Thursday, November 20, 2008

Myspace Hoax trial should be dismissed

Bad case, bad law

LOS ANGELES (Nov. 19) - A Missouri woman, her teenage daughter and an employee used an elaborate Internet ruse to terrorize a 13-year-old neighbor girl who later committed suicide, a federal prosecutor said Wednesday.
U.S. Attorney Thomas O'Brien told jurors during his opening statement that Lori Drew helped create a false identity on the social networking site MySpace. Posing online as a teenage boy, Drew befriended Megan Meier, he said.

The fact that the government passed a law banning "cyberbullying" after this case shows that the case should be dismissed. The charges are based on a crime that doesn't exist. I'm sure that the government can make a solid criminal case against almost any American if we pursued them as a person first, rather than suspicion of a particular crime.

I of course am against doing cruel things online or in person. I want Americans to raise the level of civil discourse and what is considered entertainment.

But this falls into the same category as other touchy issues like abortion where it is not about being pro-abortion or being pro-bullying. It is about being pro-freedom.

If the "victim" didn't kill themselves, what would be the crime? How can it be justified that what someone types on a computer be a part of the legal reasoning of another person's thinking?

Everyday we say and do things that we shouldn't, and 99.9% of the time people don't take it seriously or to an extreme. Are there magic words that could lead to criminal charges?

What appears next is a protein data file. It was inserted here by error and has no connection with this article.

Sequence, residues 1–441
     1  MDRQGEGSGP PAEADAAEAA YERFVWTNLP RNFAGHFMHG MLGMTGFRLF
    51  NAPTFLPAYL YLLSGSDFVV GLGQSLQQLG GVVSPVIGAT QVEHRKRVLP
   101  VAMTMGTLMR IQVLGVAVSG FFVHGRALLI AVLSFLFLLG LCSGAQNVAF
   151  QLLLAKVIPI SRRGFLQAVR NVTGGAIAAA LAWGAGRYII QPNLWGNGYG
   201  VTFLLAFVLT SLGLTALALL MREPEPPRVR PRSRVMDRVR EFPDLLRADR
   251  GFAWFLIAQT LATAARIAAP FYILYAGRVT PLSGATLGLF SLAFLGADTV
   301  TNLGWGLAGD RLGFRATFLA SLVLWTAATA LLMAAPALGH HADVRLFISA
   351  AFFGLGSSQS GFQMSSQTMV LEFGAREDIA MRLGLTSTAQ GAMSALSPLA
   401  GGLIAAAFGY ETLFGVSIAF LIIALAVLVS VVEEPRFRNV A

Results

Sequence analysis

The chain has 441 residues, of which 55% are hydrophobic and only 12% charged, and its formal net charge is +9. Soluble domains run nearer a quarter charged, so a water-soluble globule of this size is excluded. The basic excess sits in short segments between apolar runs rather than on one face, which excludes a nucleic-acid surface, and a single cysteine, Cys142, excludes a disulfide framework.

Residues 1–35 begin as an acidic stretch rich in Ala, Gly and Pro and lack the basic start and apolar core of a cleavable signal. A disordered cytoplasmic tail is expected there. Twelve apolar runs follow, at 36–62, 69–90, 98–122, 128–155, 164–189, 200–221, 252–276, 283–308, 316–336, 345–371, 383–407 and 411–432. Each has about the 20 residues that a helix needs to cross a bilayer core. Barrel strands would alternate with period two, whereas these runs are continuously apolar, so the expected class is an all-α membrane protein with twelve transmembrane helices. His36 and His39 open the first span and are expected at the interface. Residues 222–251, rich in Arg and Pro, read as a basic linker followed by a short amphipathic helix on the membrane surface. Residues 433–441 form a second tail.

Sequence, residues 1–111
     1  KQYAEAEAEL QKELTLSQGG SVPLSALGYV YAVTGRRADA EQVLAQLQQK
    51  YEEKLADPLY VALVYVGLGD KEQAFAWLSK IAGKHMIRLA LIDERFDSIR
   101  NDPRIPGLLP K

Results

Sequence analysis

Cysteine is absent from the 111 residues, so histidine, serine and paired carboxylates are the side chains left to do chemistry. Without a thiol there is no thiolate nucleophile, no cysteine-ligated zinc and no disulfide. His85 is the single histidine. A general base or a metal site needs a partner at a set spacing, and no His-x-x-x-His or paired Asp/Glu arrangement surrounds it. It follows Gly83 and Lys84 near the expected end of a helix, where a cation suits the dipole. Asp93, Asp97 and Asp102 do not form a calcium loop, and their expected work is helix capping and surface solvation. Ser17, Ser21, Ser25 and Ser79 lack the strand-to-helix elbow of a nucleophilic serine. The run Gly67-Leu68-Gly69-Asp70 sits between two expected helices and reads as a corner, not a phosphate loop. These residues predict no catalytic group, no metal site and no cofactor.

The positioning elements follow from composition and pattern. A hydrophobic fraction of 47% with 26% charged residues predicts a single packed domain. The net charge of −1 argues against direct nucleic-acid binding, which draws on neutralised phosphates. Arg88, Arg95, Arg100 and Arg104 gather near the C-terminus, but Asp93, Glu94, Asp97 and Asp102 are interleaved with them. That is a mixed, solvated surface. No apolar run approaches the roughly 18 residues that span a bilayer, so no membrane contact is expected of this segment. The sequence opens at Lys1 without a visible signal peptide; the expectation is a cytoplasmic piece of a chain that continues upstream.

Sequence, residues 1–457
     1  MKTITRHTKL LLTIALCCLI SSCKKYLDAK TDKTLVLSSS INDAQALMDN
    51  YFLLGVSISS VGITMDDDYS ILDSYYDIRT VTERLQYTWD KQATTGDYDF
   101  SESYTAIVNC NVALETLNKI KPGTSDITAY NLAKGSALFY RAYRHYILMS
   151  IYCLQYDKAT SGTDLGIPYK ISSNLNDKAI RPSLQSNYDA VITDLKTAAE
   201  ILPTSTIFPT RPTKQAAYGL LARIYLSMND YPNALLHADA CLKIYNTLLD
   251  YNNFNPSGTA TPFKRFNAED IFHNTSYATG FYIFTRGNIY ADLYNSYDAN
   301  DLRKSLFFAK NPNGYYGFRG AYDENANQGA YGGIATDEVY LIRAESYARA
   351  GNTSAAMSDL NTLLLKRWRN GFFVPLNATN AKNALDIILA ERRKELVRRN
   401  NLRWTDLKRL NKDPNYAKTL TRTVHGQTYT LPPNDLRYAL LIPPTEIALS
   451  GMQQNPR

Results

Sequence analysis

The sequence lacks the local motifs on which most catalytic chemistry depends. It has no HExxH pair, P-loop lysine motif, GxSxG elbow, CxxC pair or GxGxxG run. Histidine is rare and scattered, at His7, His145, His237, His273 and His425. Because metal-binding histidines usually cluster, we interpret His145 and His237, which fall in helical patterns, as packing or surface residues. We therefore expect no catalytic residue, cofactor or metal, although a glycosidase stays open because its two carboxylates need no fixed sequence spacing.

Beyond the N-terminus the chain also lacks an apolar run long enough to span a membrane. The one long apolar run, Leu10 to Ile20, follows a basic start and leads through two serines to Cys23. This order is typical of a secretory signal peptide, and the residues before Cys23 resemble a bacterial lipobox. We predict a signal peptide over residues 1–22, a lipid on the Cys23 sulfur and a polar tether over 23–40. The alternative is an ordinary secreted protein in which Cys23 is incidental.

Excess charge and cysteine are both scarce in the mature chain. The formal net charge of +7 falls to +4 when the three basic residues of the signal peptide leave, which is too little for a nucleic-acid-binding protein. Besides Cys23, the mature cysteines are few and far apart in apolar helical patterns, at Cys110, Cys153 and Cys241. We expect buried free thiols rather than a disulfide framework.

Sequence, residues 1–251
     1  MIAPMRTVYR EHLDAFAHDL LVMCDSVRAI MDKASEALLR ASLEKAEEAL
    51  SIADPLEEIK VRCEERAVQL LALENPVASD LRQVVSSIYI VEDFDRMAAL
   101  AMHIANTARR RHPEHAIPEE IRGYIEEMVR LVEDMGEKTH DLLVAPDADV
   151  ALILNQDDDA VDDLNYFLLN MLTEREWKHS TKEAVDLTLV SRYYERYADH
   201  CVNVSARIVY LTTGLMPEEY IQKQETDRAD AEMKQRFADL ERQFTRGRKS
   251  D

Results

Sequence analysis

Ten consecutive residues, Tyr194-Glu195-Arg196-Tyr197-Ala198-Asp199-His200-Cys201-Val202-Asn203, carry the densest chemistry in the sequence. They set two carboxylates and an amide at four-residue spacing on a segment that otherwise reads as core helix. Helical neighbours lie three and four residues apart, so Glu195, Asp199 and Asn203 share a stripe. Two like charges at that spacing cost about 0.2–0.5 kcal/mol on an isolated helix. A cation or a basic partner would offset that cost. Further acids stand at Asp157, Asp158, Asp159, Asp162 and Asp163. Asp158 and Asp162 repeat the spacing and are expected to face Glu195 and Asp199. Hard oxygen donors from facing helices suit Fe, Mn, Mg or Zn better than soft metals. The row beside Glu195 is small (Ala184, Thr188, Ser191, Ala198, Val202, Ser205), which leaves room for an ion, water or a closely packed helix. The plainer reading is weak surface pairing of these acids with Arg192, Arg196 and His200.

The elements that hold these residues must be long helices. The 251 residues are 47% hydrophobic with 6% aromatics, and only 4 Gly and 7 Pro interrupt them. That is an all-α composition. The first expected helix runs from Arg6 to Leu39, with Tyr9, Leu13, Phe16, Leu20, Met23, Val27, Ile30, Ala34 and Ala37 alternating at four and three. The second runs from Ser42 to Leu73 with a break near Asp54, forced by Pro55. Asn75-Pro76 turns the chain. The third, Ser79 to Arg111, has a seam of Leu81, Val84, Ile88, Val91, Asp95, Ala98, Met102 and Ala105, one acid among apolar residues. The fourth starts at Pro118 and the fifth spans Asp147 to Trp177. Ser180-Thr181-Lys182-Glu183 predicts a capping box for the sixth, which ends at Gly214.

For example: It is alleged that the offenders in this case said, "the world would be better off without you." What if that is a true statement?

What if they said, "You should .... yourself". That is inappropriate and wrong, but it shouldn't be criminal.

What should be criminal is if someone not only encourages someone to kill themselves, but actually says things so much or in a way that turn their speech into actions that are a part of the actual act.

For example here is a case I would support:

Two people are chatting online in whatever context. They both believe they are serious and being honest. (If one or both think they are joking or "playing roles" it is not criminal)

One person communicates suicidal tendencies. The other person, while understanding that this person really is depressed and/or suicidal precedes to encourage them to take steps towards killing themselves. Including, giving them ideas of how to do it, and helping them overcome fears.

If something similar to the above can be proven, I'm for this type of criminal action. I'm sure you can tell it would be hard to prove the above.

My understanding is that the people on trial in this case were playing a hoax. My understanding is that they didn't intend anything bad to happen and never did anything in real life.

We have to have boundaries to ensure freedom. Within those boundaries we need to promote personal and civic responsibility to do the right thing. Otherwise the rules will begin to consume us and we won't be the great country we are today.

Craig Farmer
making the word "liberal" safe again!

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